5-HTP is a health supplement which is commonly used for the treatment of depression and anxiety disorders. It is a byproduct of one of the building blocks of protein and is a beneficial therapeutic treatment for cognitive disorders and sleep disorders, such as insomnia. It has been found to be useful for those who suffer from anxiety, and it is able to reduce some of the more common side effects associated with it. As with all supplements and medications there is a risk of encountering side effects, and 5-HTP is no different.
What are the side effects of 5-HTP?
5-HTP is seen as being a moderately safe supplement to take when administered via the mouth. It has been shown to be safe when taken in doses of up to 400 mg each day over the course of a year. However, some individuals who had supplemented with 5-HTP developed EMS. EMS is the acronym for eosinophilia-myalgia, which is a potentially dangerous condition that involves severe tenderness of the muscles and abnormalities within the blood. EMS may be caused by contaminated supplements, however, not enough information is currently available to pinpoint this condition directly to 5-HTP.
Other conditions which could potentially arise from use in 5-HTP include, stomach pain and cramps coma heartburn and an increase of stomach acid, diarrhea and gastrointestinal issues, nausea and vomiting, sexual problems including a loss of libido, and muscle fatigue, aches, and pains. 5-HTP may prove to be unsafe when taken orally as a large dose. Dosages ranging between 6 grams and 10 grams per day have been directly linked to muscle spasms and stomach problems of a severe nature.
Precautions and warnings when using 5-HTP
Use in children. 5-HTP is seen as moderately safe when given via mouth at appropriate doses. The recommended dose is 5 mg per kilogram of body weight once per day. It has been used safely for more than 3 years and children aged between 5 years old and 12 years old. As is possible with adults who are using 5-HTP, there is also concern that it could give rise to the potential of developing EMS. For this reason, it is important to only give small doses as recommended above to young children and infants.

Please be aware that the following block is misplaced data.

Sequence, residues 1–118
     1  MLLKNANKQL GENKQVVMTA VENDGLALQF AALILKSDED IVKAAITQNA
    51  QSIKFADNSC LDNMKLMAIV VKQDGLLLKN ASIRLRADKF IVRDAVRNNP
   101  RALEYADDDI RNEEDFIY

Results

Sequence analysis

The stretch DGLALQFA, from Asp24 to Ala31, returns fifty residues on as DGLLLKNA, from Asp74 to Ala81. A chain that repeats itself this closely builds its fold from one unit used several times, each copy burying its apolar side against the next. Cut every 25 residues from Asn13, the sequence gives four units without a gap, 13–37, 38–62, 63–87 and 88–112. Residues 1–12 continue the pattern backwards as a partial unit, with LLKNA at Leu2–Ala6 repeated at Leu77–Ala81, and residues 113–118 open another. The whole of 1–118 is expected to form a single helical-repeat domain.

Use before or after surgery. As 5-HTP works by adjusting the hormone levels of Serotonin, 5-HTP may interact with any other medications given to alter the amount of Serotonin available in the brain. Those individuals who take large doses of 5-HTP before undergoing surgery may have too much serotonin available in the brain. This can result in potentially dire side effects, which includes shivering, anxiety and heart problems. All use of 5-HTP should be ceased at least 14 days before surgery is due to be performed.
Breastfeeding and pregnancy. There is currently not enough information available about the use of 5-HTP while pregnant or breastfeeding. It is recommended that those women who are currently breastfeeding or pregnant should on the side of caution and avoid using 5-HTP. There is a slight concern that the supplement may be passed on through the breast milk of nursing mothers, and 5-HTP has not been tested in newborn children and very young infants.
Is 5 HTP safe to use?
Current guidelines label 5-HTP as being a supplement that is possibly safe to use as long as it is taken at the recommended guideline doses. As with all medications, an increase in the amount of the supplement that you take could increase the risk of suffering from side effects, which could be severe in nature at times. Always pay heed to dosage guidelines and avoid taking more than is necessary.